Our research is editorially independent but we may earn a commission for purchases made through our links.
Taking a relaxing dip in a stunning swimming hole is one of the world’s greatest pleasures – so much so, the activity is often used as a part of visualization practices to induce a sense of calm. If you’d like to experience one of the planet’s best, be sure to put these scenic swimming holes on your travel bucket list – they’re well-worth planning an entire trip around.
YOU'RE ALL SET!
Look out for our newsletters in your inbox soon.
The Hana Highway, frequently acclaimed as one of the most scenic drives in America, winds through Maui’s lush rainforests and along the spectacular coastline, though it wasn’t always the popular tourist destination it is today. In order to attract more visitors, a local hotel owner began calling a series of tiered, waterfall-fed swimming holes the “Seven Sacred Pools.” There are actually more than seven pools, and none of them were ever considered sacred, but it sounded good, and despite it being a marketing gimmick, these pools that are a part of Haleakala National Park are absolutely stunning and ideal for a swim when water levels are safe.
Havasu Falls is set with a remote area of the Grand Canyon, aptly named “Havasupai,” or “people of the blue-green waters.” With its backdrop of fiery red rock canyon walls, the crystal clear cerulean waters take on remarkable hues due to high concentrations of calcium carbonate and magnesium. The waters plunge down into travertine swimming holes below, offering one of the most amazing spots to take a dip on the planet. This place considered sacred by the Havasupai isn’t easy to get to, requiring a ten-mile hike, mule or horse ride to get there, but that just means you’re not likely to run into a huge crowd. In addition to Havasu Falls, there are four other major waterfalls nearby, Upper and Lower Najavo Falls, Beaver Falls and Mooney Falls.
Tinago Falls, Philippines
Tinago Falls, or “Hidden Falls,” is located on Biliran, part of the Visayas islands group of the central Philippines, in the heart of the Caibiran rainforest. It’s the most accessible of the island’s many waterfalls, with a paved access road, requiring a climb 500 steps down what’s known as the “Winding Staircase.” As long as the water isn’t flowing too swiftly, there are two large swimming holes right at the base of the falls. The falls are surrounded by lush trees, vines and other exotic plants, making it a picture-perfect hideaway. Underneath, you can discover another hidden gem, a small cave that can be entered, where you can listen to the rippling waters of the falls.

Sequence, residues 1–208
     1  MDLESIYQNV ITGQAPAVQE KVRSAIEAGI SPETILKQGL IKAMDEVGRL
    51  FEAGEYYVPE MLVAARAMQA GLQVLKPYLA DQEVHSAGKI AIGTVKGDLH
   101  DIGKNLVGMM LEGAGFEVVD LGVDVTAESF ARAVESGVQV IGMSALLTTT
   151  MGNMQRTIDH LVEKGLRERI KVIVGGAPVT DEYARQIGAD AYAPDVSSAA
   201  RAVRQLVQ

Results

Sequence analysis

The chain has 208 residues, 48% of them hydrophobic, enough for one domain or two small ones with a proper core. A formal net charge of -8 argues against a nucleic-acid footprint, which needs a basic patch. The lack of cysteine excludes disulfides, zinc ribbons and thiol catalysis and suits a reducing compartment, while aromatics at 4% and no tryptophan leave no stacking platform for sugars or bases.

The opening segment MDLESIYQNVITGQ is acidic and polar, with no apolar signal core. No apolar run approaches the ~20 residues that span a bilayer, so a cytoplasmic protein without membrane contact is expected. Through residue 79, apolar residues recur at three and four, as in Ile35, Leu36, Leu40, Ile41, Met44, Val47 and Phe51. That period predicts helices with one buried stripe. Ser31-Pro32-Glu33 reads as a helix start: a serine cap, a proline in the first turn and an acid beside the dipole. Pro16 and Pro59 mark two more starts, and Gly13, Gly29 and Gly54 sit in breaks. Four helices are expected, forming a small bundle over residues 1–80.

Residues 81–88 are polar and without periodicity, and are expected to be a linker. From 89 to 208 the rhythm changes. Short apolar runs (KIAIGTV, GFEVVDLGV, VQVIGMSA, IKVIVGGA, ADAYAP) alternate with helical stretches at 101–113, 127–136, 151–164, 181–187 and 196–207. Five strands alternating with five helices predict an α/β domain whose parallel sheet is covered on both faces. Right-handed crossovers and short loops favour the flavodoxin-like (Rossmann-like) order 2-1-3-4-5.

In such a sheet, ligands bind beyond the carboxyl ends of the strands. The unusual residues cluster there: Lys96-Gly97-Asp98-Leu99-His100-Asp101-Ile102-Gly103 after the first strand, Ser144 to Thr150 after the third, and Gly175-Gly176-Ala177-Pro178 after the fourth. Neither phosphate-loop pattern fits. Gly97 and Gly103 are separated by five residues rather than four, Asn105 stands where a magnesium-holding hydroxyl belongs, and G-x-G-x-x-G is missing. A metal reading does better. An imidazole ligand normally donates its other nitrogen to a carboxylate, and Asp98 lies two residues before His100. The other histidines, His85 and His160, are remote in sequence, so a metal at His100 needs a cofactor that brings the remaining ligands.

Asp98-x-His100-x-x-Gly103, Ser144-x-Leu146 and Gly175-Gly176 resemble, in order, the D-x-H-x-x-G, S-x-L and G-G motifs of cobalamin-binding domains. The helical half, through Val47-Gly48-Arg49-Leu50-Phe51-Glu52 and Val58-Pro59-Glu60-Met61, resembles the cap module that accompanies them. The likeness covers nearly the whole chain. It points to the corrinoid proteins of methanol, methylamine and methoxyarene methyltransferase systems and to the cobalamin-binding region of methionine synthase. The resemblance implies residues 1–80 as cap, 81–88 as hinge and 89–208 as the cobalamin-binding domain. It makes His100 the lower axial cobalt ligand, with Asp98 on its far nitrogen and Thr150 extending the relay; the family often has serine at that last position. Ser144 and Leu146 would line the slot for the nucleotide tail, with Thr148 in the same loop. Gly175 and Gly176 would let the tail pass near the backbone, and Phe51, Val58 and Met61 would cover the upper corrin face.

Great Blue Hole, Belize
Tunnels and caves weave beneath this dazzling natural sinkhole that’s considered to be one of the most popular attractions in all of Belize. The “holy grail” of scuba sites, the perfectly circular hole that’s about one-quarter of a mile across and 480 feet deep, is considered one of the world’s top dives. It is the depth of water that gives it its legendary deep blue hue. Like a giant pupil in a sea of turquoise, the limestone sinkhole also features some rather bizarre stalactites and limestone formations, which mold its walls and seem to get more intricate and intense the deeper one dives. Nearby is one of Belize’s largest protected areas, Half Moon Caye Natural Monument, which encompasses 10,000 acres of the atoll and 15 square miles of surrounding waters.
To Sua Ocean Trench, Lotofaga, Samoa
To Sua literally means giant swimming hole. This natural, nearly 100-foot deep pool is in a lava field in Lotofago village on the south coast of Upolu island, renowned for its idyllic beaches and unspoiled nature. Swimmers use a ladder to climb down into the hole and enjoy refreshing, crystal clear waters that are fed by the ocean. The To Sua Ocean Trench is surrounded by picturesque gardens and a white sandy beach. Cooling off in the pool provides an excellent respite from midday heat, but in the early morning or evening hours when temperatures are more tolerable, you may want to check out the colorful food market, Maketi Fou, to stock up on delicious fruit like little ladyfinger bananas or pawpaws. Just a few steps away is the flea market, offering everything from kava bowls to authentic Samoan music, jewelry, baskets and lava lavas, the Samoan sarong.